Planet Earth : The different layers of our planet

graphic courtesy of the Fiji Mineral Resources Department

Those wanting to understand where earthquakes come from, should know a few basic principles  about our planet.

The Earth is made up of three concentric zones : the crust, mantle and core.

The crust is the thin outer layer forming the continents and the ocean floor.
Oceanic crust is thinner and more dense than continental crust. Some Ocean floors are only 15-20 km thick. The crust is enriched in O, Si, Al, Ca, Na and radioactive elements.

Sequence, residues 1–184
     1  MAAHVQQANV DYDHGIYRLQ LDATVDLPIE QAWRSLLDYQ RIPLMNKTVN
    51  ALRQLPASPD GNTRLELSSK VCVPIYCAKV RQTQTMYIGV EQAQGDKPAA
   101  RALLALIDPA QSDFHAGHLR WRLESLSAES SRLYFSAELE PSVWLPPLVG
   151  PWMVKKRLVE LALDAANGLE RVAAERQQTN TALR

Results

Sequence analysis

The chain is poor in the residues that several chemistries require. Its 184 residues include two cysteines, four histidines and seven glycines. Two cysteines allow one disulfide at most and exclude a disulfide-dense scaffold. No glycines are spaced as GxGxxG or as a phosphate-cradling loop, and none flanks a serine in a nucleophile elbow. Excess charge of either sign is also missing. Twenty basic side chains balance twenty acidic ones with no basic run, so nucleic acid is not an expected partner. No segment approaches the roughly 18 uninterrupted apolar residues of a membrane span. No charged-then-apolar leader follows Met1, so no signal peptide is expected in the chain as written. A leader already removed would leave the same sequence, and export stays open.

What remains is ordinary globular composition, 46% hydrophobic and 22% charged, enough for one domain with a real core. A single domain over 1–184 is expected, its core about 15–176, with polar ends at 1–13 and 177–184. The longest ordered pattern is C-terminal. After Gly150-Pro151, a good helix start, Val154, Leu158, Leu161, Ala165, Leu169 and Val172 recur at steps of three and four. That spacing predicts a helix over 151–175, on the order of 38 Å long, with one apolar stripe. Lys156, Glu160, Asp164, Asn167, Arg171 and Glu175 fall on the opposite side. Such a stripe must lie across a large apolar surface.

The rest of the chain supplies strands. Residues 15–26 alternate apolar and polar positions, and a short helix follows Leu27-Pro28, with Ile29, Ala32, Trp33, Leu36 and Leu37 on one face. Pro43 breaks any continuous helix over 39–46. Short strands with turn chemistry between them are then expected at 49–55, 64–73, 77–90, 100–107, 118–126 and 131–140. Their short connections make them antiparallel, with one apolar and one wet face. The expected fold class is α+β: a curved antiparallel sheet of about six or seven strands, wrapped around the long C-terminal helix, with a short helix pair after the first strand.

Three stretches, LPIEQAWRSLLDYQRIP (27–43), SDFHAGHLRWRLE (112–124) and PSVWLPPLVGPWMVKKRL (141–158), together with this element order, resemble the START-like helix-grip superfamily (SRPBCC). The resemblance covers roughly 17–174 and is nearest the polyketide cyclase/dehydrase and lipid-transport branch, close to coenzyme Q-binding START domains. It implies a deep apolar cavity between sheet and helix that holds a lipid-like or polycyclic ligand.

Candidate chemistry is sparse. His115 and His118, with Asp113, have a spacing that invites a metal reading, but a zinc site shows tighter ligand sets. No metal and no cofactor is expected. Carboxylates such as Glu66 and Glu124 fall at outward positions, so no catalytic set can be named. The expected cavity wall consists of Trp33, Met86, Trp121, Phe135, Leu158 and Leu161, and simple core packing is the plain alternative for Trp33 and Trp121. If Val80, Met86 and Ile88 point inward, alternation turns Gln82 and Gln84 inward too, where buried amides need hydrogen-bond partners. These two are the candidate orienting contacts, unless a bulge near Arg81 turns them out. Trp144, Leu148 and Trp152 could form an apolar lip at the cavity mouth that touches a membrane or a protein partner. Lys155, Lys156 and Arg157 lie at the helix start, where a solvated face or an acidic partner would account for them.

The mantle is the middle layer, rich in Mg, Fe and silicates (combinations of mainly silica and oxygen) and the core is the dense inner layer composed of iron and nickel. The inner part of the core is liquid and extremely hot.

The lithosphere is the solid part of the Earth, up to 120 km thick, composed of rocks and minerals, which in turn, compose the crust and part of the upper mantle.
Geologists study the lithosphere because it is the most easily accessible part of the Earth.

The most dangerous earthquakes for humans and infrastructure are shallow earthquakes (0-40 km’s depth).

(Some Text and Graphic courtesy of the Fiji Mineral Resource department)

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